On Sunday 12 April 2015, 20 members of the Society caught the 8:40 train to Harrow & Wealdstone, where we changed to the London Overground to Willesden Junction. There we caught our third and final train to Kew Gardens station. The gardens themselves were just a ten minute walk from the station.The day was dry and sunny. There was a cool breeze but things warmed up nicely during the day (too warm if you ventured into the Palm House – it was fun to see the stream of members exiting the Palm House and heading for the lake to cool down!)
Once we had paid our entrance fees (half price as we had travelled by train) we had a drink in the café and consulted the maps of the garden before setting off. Some of the group decided to do their own thing and other followed Martin Kincaid’s expert tour of the garden.
The first stop was at the gallery of botanic art, stopping to watch a Goldcrest on the way. Next we headed towards the Pagoda where we saw a couple of Green Woodpeckers in a hole in a tree. Plenty of rose-ringed parakeets were also evident.
We then headed west in the direction of the Thames in the hope of seeing Bluebells and Snake Head Fritillaries. There were some lovely Cherry trees in full bloom by the Japanese Gardens and a couple of empty benches so we stopped for lunch and enjoyed a picnic.
We decided to take in Queen Charlotte’s Cottage, which meant passing through one of the children’s play areas. The entrance was flanked with a willow sculpture of mushrooms (Magic Mushrooms?).
Kew has an interesting Badger sett, it is scaled up so that humans can explore the sett and see how the badgers live. A number of our group decided to explore the sett – poor Arthur managed to bang his head on the roof a couple of times.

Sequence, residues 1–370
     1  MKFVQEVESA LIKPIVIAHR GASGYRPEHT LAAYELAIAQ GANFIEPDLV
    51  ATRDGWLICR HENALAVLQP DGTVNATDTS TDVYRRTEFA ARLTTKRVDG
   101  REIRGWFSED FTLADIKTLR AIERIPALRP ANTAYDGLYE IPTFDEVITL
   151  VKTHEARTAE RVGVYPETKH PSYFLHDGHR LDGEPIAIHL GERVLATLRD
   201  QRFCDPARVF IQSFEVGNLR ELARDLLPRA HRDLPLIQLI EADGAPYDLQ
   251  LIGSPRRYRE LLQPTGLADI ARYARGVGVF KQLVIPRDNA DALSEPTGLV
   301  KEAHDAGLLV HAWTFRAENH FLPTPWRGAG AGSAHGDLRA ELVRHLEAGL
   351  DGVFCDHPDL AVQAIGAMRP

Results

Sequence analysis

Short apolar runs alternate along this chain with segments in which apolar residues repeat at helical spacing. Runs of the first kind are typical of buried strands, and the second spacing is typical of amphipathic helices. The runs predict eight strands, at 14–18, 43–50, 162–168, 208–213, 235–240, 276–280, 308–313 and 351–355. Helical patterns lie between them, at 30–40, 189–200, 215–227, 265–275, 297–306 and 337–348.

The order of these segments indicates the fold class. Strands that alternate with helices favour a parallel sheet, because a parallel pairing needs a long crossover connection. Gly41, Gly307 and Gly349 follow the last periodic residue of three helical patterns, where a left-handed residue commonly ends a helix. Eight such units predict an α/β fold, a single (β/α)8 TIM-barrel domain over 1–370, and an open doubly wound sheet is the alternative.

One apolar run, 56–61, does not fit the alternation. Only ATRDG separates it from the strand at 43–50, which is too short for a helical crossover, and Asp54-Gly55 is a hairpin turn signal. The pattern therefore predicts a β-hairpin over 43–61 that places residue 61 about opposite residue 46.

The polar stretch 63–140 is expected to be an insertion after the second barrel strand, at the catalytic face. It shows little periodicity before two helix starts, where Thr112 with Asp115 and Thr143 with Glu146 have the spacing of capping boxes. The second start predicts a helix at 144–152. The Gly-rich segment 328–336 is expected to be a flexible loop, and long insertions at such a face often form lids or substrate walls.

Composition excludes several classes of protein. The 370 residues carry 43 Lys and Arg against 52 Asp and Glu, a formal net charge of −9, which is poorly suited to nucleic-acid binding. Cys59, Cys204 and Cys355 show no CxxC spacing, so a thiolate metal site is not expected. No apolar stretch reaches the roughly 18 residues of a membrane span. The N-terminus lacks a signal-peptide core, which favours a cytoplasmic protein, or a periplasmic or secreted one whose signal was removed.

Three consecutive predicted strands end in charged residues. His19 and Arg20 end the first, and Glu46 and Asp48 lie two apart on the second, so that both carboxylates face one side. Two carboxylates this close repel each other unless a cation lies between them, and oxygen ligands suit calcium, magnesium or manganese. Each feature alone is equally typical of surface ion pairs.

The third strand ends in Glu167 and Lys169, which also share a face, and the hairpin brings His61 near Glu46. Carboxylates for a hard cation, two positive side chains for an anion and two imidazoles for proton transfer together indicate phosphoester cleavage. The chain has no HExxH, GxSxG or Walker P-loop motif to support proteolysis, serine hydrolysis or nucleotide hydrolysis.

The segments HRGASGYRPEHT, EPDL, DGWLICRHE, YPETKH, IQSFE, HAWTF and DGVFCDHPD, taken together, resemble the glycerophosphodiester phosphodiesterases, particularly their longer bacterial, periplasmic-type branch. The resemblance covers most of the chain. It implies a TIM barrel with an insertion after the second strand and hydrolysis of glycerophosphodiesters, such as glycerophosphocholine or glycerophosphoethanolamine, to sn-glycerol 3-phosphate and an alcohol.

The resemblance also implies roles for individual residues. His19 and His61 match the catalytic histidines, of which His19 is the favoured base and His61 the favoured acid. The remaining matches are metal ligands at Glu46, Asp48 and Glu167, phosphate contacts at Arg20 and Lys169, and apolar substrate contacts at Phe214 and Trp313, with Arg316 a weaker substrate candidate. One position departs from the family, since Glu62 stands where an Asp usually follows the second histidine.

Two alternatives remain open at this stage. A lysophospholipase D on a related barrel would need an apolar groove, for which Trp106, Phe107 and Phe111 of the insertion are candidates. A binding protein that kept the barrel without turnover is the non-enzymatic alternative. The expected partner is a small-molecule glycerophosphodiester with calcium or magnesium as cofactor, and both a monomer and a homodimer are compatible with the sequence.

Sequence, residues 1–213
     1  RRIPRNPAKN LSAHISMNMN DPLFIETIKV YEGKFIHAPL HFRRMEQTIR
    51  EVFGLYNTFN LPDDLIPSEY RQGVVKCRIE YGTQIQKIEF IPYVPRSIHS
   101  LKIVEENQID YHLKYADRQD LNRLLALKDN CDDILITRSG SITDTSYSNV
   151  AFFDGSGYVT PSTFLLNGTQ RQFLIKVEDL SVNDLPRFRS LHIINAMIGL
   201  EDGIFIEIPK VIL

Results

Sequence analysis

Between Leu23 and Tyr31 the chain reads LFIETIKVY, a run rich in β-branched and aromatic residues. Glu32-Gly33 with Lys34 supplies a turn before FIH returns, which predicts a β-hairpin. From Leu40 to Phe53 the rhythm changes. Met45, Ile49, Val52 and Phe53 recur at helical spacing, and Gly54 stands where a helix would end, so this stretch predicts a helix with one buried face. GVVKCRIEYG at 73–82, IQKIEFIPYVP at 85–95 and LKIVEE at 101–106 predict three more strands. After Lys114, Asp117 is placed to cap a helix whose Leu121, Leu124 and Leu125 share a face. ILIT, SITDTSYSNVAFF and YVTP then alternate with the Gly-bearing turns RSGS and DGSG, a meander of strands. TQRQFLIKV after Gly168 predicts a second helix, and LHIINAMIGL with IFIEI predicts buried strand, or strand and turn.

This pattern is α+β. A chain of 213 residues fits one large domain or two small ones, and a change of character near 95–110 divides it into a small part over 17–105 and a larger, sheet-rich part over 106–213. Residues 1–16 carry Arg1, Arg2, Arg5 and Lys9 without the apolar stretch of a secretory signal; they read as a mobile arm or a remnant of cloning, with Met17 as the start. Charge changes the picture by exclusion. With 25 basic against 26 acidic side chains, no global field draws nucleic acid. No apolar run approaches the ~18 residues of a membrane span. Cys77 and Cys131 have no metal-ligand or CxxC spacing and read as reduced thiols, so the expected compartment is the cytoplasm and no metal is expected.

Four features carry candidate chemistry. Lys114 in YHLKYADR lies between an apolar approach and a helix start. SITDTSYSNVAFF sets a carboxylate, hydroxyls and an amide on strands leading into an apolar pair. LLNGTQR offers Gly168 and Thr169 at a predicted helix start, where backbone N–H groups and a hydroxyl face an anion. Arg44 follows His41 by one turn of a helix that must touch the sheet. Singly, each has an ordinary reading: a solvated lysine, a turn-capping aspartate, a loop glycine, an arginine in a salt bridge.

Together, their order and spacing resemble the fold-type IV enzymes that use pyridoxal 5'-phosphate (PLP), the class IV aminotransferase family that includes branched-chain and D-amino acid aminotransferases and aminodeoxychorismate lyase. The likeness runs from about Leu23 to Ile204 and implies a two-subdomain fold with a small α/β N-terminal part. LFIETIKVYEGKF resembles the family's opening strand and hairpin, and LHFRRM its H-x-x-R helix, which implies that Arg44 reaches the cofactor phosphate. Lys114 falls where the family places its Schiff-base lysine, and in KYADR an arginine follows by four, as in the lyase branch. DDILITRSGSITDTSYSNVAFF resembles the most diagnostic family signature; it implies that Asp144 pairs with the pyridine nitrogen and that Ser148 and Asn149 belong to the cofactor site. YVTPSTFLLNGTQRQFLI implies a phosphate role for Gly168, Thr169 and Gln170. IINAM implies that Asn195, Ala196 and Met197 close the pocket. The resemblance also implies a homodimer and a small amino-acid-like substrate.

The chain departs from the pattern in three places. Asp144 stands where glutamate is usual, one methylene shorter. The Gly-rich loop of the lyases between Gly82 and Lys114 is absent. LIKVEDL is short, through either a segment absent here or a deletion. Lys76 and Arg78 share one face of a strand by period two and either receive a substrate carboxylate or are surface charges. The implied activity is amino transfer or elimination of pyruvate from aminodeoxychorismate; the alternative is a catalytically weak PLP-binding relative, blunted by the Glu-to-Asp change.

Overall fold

We saw another Goldcrest at Queen Charlotte’s Cottage but we were too early for the Bluebells. When we reached the Thames there were great views of Syon House. We walked north and were rewarded with great views of Snake Head Fritillaries in bloom.
The next stop was the White Peaks Café. After tea/coffee members split up and wandered around the grounds. I decided to go on the Treetop Walkway. The walkway sways a lot in the strong breeze and, at times, I had to hold onto the handrail – this made me think of the Millennium Footbridge over the Thames. The climb to the top of the walkway is worth it with great views over the park and London. The structure of the walkway itself is interesting and the design of the supports has been chosen to blend in with the trees.
We saw Holly Blue, orange tip and Comma butterflies. In addition to the Goldcrests we were treated to the spectacle of two Sparrowhawks in flight chasing a duck. There were plenty of waders in evidence. These included a pair of Egyptian Geese with four goslings, a pair of Little Grebes, Long-tailed tits, Tufted Ducks and a Red-crested Pochard.
We all met up at 4:15pm at the entrance to return to Kew Gardens Station. This was an unfortunate choice of meeting place as there were shops nearby. Martin had to go and extract some members of the group from the shops so that we could make our 4:40pm train. We had a good journey back to Milton Keynes arriving at 6:40pm, very tired, but glad that we had such a great day out.
I would like to thank Martin Kincaid for organising the event and for keeping smiling whilst leading the group (the popular expression “herding cats” springs to mind). Paul Lund for providing timetables and everyone who attended for their company and shared knowledge on the day.
Peter (admin) Hassett